A screw pump installed in the skimmer “can pump water and high viscosity oil at the same high capacity and will not emulsify the two during pumping, making separation and decanting possible,” the environmental assessment says. “The skimmer pump is fitted with cutting knives to process debris, including vegetation, seaweed, kelp, garbage, plastics, synthetic and natural fiber line, aluminum cans, bottles, drift wood, dead fish, birds, and small mammals. The pump will pass solids up to 2 inches in diameter.”

Other components include “fast sweep” inflatable boom, and Canflex Sea Slug bladders made of high-strength plastic-coated polyester for holding recovered fluids. The bladders are ocean-towable.

The skimmer is deployed over one side of the vessel, and the storage bladder over the other side.

“Once on the scene of an oil spill, the equipment can be fully deployed and recovering oil in less than one hour,” the environmental assessment says. “The components are lightweight and easy to assemble yet will survive in difficult operating conditions.”

Shell’s drilling plans

The Coast Guard plans to conduct a tabletop exercise with other agencies on rapid response to incidents along the North Slope.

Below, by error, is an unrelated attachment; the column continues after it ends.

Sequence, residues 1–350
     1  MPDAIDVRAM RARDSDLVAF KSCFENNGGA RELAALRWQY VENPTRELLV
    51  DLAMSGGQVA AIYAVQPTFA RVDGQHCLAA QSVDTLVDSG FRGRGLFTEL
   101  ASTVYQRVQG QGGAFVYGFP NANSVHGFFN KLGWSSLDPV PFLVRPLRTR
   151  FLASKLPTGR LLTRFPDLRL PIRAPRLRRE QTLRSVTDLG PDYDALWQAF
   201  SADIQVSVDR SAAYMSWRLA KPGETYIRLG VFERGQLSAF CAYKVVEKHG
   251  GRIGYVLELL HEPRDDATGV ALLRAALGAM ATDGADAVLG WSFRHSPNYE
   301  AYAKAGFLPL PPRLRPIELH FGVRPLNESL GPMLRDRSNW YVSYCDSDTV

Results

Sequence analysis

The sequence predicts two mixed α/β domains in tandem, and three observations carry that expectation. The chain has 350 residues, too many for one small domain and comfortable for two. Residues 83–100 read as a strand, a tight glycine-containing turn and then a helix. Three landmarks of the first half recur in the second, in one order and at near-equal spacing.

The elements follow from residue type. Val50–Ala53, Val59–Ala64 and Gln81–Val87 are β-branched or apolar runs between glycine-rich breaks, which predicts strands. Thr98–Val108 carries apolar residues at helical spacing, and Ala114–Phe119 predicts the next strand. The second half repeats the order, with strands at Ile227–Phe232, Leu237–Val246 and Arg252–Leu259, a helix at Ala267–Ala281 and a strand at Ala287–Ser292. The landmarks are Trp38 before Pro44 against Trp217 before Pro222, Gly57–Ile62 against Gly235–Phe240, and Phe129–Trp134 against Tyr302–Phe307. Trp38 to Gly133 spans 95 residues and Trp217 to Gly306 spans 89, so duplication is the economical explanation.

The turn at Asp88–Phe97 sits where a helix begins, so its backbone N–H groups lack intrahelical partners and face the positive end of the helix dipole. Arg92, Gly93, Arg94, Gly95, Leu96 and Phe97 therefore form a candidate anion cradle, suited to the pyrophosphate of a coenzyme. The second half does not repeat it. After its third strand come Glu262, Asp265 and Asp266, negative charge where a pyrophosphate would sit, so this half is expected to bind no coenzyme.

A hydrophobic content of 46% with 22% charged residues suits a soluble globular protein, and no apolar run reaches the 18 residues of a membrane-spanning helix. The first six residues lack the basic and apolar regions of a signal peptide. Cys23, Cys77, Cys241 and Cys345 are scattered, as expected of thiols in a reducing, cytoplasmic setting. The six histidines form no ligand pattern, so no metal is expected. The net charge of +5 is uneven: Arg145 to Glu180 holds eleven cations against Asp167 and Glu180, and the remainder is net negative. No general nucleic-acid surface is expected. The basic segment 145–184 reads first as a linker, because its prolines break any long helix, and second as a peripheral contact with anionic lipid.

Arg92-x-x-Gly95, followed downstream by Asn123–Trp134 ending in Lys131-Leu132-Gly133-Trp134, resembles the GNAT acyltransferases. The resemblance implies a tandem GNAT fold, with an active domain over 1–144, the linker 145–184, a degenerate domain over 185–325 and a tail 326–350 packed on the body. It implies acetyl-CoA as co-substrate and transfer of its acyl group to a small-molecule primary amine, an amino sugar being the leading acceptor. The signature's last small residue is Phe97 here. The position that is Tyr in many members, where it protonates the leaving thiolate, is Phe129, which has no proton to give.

And the Coast Guard will set up an incident command center in Anchorage.

“This center would oversee both the table-top exercise and any real emergent pollution incidents,” the environmental assessment says.

The Coast Guard has conducted limited summer operations in the Arctic over the past five years, including “Arctic domain awareness flights” using C-130 aircraft. These patrols are expected to continue.

Arctic Shield will establish a much greater Coast Guard presence.

“During the past several years, it is undisputed that the climate has warmed, regardless of the causes,” the environmental assessment says.

Aside from oil drilling, the melting Arctic is attracting lots of other activity, such as ecotourism, recreational vessel traffic and adventurers attempting to cross the Bering Strait. Four to seven cruise ships are conducting up to 10 cruises each summer in the Bering Sea and Arctic Ocean, the Coast Guard says.

Shell hopes to drill exploratory wells on its Sivulliq and Torpedo prospects in the Beaufort Sea, and on its Burger prospect in the Chukchi Sea.

The Dutch oil giant has been fighting for years to overcome legal challenges and win permits to start drilling on its leases. Whether bits will actually turn this year remains uncertain, but Shell is preparing to move its drilling ships and support vessels into the Arctic.

The Coast Guard’s only functioning icebreaker, the Healy, is scheduled to also be in the Arctic Ocean during August, September and October in support of various government and university scientific projects.

Find the environmental assessment at